The University of Southampton

MANG6310 Project Management – Processes

Module Overview

This module introduces students to the dynamic environment of projects and the processes used by organisations into to deliver a significant change initiative into their context. As such the module combines an overview of processes combined with a critical engagement of these processes in order to yield effective professional practice.

Aims and Objectives

Module Aims

This module aims to familiarise students with the specific nature of projects and the implications of managing projects and managing organisations by projects. Distinctions between projects and operations will be clarified. The broad and varying perspectives of project management’s traditional and contemporary theories, their critiques and applicability will be illustrated through lectures and discussions. The global and rapid growth of managing by projects in every sector, industry, and company type has led to the development of pan-sector theories and bodies of knowledge in project management. However, there are specific concerns in managing different types of projects, for instance, large, major or complex projects, especially those with international features. Hence, besides the general principals of project management, some attributes, particular challenges and concerns of such projects will be addressed throughout the sessions. These issues are widespread and embedded in modern project management theories and practice.

Learning Outcomes

Knowledge and Understanding

Having successfully completed this module, you will be able to demonstrate knowledge and understanding of:

  • Demonstrate knowledge of traditional and contemporary approaches to management of functional and procedural aspects of projects.
  • Appreciate the specific nature of project activities and the implications of managing organisations by projects.
  • Demonstrate knowledge of the major/applied tools and techniques for managing project phases and processes.
  • Demonstrate an understanding of the functional factors influencing project success or failure.
Transferable and Generic Skills

Having successfully completed this module you will be able to:

  • Apply an analytical and critical approach to problem analysis.
  • Work effectively in project teams as a team member and/or project manager.
  • Report and present ideas in writing or orally.
Subject Specific Intellectual and Research Skills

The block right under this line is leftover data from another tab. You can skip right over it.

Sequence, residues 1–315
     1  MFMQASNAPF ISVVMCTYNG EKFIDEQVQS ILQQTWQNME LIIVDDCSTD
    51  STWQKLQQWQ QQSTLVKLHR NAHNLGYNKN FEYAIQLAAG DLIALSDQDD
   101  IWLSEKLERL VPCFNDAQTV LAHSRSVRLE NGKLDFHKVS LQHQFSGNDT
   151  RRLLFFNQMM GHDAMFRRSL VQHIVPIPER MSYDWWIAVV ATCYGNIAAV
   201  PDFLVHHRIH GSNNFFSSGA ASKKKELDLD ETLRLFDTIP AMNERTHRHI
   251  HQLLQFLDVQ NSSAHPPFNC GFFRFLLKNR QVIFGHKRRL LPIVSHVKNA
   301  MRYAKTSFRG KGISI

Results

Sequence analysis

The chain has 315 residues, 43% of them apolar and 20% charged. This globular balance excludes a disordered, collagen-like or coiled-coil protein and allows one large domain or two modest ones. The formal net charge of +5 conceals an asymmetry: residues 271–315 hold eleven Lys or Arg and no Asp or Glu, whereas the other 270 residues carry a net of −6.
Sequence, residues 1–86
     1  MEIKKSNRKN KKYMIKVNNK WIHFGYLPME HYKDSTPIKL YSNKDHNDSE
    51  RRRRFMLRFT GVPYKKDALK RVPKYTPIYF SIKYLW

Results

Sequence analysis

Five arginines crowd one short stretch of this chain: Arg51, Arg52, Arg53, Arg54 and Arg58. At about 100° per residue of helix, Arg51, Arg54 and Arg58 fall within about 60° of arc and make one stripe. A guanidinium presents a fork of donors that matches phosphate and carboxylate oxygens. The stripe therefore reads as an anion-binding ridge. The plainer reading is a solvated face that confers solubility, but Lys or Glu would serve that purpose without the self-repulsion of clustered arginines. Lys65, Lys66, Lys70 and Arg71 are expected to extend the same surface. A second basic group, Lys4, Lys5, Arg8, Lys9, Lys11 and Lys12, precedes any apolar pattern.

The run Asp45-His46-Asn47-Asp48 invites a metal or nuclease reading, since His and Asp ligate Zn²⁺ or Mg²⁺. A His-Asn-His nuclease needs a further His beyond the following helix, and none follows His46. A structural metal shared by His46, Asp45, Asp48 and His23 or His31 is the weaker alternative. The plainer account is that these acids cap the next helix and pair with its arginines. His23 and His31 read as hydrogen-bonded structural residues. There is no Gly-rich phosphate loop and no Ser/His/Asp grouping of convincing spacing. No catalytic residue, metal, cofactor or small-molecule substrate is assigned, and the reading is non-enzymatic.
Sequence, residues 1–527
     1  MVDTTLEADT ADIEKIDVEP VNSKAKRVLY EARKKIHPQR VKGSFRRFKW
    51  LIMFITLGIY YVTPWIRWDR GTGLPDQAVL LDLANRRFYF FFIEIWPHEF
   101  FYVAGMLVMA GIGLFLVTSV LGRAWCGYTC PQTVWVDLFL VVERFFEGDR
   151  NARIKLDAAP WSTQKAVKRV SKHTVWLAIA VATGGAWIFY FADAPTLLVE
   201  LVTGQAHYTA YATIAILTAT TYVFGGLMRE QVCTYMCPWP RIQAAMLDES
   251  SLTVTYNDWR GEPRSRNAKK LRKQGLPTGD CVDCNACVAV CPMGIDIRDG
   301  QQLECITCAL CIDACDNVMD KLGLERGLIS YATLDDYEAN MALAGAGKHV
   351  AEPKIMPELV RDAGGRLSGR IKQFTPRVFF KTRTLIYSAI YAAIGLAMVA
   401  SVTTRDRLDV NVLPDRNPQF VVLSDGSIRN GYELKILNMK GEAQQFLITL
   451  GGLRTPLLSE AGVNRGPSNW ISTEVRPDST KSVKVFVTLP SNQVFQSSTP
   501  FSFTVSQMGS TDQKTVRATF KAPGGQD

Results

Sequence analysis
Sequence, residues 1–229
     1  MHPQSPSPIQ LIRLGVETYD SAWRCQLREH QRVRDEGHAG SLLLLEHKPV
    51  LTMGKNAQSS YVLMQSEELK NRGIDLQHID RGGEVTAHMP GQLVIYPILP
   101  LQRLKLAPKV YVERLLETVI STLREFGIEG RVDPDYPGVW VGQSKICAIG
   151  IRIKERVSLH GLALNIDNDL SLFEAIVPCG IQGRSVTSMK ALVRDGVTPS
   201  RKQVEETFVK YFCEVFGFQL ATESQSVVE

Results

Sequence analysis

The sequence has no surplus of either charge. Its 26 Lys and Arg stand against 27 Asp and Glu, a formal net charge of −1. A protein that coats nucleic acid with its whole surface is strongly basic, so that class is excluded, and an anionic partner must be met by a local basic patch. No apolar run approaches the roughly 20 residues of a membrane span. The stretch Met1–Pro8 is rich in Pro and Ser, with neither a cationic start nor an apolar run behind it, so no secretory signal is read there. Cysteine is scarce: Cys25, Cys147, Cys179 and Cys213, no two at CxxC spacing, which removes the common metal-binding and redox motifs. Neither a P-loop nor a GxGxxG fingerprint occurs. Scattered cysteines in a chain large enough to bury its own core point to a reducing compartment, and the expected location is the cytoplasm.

Having successfully completed this module you will be able to:

  • Critically analyse project situations and dynamics considering the pluralistic nature of projects and project management.
  • Understand and analyse the project’s context, potential dynamics and challenges regardless of its industry.
  • Analyse the challenges and dynamics of project organisations.


- Definition of projects, portfolios and programmes - Traditional and contemporary perspectives of project management - Distinction between projects and operations - Project Management Bodies of Knowledge - Project context - Strategic project management - Project life cycle and project processes - Project definition - Success criteria - Planning, scheduling and budgeting - Implementation - Monitoring and controlling - Earned Value Analysis - Handover and closeout - Project success and failure - Project Management software - Alternative approaches to Project Management (Agile)

Learning and Teaching

Teaching and learning methods

The key knowledge and theoretical components will be delivered via lectures and supplemented with directed self-study, class discussions, case studies, team work and short presentations. Practical aspects of the theories will be explored further by inviting guest lectures from industry where possible. Project Management software will be explored in a computer lab setting.

Independent Study126
Total study time150

Resources & Reading list

Meredith J.R. and Mantel, S.J (2008). Project Management: A Managerial Approach. 

Morris, P (1997). The management of projects. 

International Journal of Project Management. Journal

PMI (2009). A Guide to Project Management Body of Knowledge (PMBOK Guide). 

Project Management Journal. Journal

Maylor, H (2010). Project Management. 

APM (2012). APM Body of Knowledge. 

Morris, P. W.G (2012). The Oxford Handbook of Project Management. 



Project plan


MethodPercentage contribution
Group Assignment  (3000 words) 60%
Individual assignment  (2000 words) 40%


MethodPercentage contribution
Individual assignment  (3000 words) 100%


MethodPercentage contribution
Individual assignment  (3000 words) 100%


Costs associated with this module

Students are responsible for meeting the cost of essential textbooks, and of producing such essays, assignments, laboratory reports and dissertations as are required to fulfil the academic requirements for each programme of study.

In addition to this, students registered for this module typically also have to pay for:


Recommended texts for this module may be available in limited supply in the University Library and students may wish to purchase the core/ recommended text as appropriate.

Please also ensure you read the section on additional costs in the University’s Fees, Charges and Expenses Regulations in the University Calendar available at

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